STEMM Profile: Anna Quaglieri | PhD Student in Statistics | Bioinformatics Division | The Walter and Eliza Hall Institute of Medical Research | The University of Melbourne | Melbourne | VIC
Thesis topic: The focus of my research is to apply suitable statistical and computational methods to understand the mechanism behind the relapse in a particular sub-type of Acute Myeloid Leukaemia. I will be comparing the cancer progression of patients who went into complete remission versus patients who underwent relapse. The first ongoing focus has been to help our collaborators in the decision of parameters (amount of genetic material and number of samples) necessary for the next-generation sequencing design.
“Even if you didn’t particularly love Mathematics during high school because you thought it was too abstract. Statistics will make you see the connection between theory and reality thanks to its versatile application to any field”
Anna Quaglieri is a PhD student at the Walter and Eliza Hall institute and completed her Masters Degree in Statistical Sciences in 2014 at the University of Bologna in Italy. Her career choice in Statistics was largely due to her curiosity and interest in Mathematics but she admits she never planned to find herself in her position.
Anna studied languages during high school and decided to spend part of her University studies abroad. She completed the final year of her Bachelor of Statistics degree at the University of Glasgow with a first class honours. This was supported by the Erasmus scholarship. This experience made an impact on her life and guided her decision to study in Australia. Due to scholarships granted by Bologna University she was able to complete the final year of her Masters in Statistics at the University of Melbourne.
With a growing interest in the application of statistics to medical research, Anna became involved in the Bioinformatics Division at the Walter and Eliza Hall Institute where she wrote her Masters Thesis under the supervision of Professor Melanie Bahlo. She also worked a part-time position as technical support for Professor Terry Speed that same year. After the completion of her masters studies she had the opportunity to work another year on the project started during her masters, leading to important novel discoveries in the MacTel eye disorder.
Despite the unpredictable Melbourne weather and missing out on grandma’s delicious meals, she is enjoying her career in Statistics and has recently started a PhD with Terry Speed.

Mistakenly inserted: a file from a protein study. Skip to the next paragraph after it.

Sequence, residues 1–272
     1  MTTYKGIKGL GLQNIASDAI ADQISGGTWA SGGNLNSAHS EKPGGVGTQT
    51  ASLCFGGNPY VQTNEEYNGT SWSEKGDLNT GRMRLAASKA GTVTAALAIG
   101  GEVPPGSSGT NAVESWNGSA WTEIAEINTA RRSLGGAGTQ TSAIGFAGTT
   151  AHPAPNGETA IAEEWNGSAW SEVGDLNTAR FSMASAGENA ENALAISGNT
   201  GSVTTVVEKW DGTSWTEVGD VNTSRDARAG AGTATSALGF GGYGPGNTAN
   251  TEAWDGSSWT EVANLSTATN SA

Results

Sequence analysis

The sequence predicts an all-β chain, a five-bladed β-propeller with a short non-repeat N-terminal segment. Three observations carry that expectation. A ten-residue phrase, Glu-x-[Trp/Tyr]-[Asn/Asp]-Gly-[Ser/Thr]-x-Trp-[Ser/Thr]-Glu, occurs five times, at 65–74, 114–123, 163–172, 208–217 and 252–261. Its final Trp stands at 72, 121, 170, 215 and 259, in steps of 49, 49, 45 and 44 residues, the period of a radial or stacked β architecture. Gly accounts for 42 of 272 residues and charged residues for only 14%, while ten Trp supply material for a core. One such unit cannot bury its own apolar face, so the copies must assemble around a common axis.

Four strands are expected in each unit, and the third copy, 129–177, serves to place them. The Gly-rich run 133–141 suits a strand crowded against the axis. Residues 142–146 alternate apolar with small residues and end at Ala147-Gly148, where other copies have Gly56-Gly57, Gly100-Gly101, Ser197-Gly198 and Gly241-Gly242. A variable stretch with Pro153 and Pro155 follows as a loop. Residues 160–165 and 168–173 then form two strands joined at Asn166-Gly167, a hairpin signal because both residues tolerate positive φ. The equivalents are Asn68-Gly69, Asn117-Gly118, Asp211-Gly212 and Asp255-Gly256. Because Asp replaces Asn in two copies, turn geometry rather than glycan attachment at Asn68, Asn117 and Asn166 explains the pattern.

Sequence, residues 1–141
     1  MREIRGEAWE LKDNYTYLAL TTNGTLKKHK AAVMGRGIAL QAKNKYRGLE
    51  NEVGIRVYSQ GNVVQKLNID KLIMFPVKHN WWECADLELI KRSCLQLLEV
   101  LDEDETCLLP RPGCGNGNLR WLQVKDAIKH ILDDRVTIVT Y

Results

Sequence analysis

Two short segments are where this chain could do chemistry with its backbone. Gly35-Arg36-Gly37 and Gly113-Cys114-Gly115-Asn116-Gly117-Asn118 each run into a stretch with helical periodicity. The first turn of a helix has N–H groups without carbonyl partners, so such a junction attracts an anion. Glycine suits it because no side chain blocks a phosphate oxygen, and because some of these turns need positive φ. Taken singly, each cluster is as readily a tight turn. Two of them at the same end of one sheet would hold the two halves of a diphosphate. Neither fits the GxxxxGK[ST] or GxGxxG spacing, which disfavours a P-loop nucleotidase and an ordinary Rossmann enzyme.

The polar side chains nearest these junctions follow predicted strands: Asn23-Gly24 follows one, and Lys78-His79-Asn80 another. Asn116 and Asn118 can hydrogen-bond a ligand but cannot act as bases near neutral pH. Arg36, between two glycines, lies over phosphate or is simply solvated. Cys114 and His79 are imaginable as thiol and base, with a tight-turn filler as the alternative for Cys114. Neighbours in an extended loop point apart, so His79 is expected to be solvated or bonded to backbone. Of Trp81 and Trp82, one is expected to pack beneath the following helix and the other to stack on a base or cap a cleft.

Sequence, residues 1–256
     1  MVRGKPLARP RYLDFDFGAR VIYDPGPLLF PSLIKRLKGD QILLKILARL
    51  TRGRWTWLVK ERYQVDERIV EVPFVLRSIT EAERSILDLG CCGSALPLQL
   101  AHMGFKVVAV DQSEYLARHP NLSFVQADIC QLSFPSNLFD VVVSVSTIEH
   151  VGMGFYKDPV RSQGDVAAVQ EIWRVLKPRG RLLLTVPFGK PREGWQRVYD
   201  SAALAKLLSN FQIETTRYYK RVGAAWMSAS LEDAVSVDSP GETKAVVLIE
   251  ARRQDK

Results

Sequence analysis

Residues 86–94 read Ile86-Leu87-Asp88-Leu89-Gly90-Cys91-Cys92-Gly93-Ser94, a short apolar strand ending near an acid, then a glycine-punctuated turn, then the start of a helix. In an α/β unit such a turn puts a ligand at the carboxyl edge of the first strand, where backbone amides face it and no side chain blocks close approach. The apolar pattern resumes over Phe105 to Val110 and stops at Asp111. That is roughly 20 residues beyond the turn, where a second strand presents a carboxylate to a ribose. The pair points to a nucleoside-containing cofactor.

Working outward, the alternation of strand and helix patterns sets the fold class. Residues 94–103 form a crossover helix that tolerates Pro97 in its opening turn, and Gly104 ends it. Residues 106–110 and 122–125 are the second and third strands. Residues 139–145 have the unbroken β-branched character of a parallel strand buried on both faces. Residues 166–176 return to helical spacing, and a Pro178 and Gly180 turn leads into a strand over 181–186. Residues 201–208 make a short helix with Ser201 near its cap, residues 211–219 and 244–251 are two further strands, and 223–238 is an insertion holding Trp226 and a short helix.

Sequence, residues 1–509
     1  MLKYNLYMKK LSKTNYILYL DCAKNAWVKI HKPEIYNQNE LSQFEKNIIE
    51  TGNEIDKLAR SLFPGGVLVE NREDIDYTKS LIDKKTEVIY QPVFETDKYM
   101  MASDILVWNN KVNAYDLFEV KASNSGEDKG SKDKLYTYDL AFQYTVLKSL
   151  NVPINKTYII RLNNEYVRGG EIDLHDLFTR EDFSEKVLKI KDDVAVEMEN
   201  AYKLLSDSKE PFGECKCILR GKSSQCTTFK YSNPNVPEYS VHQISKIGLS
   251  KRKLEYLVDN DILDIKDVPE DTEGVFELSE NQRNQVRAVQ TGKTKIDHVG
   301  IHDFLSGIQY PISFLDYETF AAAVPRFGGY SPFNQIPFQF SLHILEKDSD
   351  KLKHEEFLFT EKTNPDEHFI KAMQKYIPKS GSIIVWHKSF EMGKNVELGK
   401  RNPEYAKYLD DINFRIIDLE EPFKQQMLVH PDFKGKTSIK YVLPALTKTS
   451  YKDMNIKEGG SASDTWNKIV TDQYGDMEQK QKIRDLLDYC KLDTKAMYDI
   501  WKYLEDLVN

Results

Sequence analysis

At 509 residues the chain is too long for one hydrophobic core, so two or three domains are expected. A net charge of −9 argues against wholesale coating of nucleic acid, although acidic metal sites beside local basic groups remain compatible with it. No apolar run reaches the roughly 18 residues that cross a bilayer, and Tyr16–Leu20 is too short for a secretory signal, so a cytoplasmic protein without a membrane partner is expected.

What attracted you to your chosen field of study?
The choice of Statistics was driven by my indecision in the choice of a University course. Thanks to a few enthusiastic students that I met at the University of Bologna Open Day I realised for the first time that Statistics could be applied to every sort of field, from social to medical sciences, from business to marketing. This made me very excited about the future possibilities.
What tips would you give to high school students wanted to study your degree in the future?
Do it! Even if you didn’t particularly love Mathematics during high school because you thought it was too abstract. Statistics will make you see the connection between theory and reality thanks to its versatile application to any field.
Be aware of the possibilities that you have when you are asked to make choices and don’t be afraid to ask for advice.
What is it you love about science?
The part that I like and probably also fear the most is the unpredictability of doing research. You have to make hypotheses and assumptions when you decide to follow a path in your research even if you don’t know if you are going to find the results that you hope.
Did you do maths and science in high school?
I had passionate math female professors both at middle and high school. It was always emphasised to us to question what we were studying. We were never taught dry formulas. My high school teacher also used to tell us some stories and anecdote about the life and epoque of mathematicians whose theorems we were studying. That made the subject more real and human!
What can we do as individuals to help the next generation of women in STEMM?
We need to show to young students that a career in STEMM is possible for every gender and since we made it until here we should advertise that we are not any kind of superhero but simply dedicated and passionate people, sometimes also with plenty of doubts and fears!
It would be good if during high school there were more examples about the important role of STEMM subjects in society. Especially, examples should be formulated to attract the curiosity of both females and males, taking into account that male and female teenagers on average might have different interests and priorities.
[Image attribution: Czesia Markiewicz, Photographer, Communications and Marketing, The Walter and Eliza Hall Institute of Medical Research]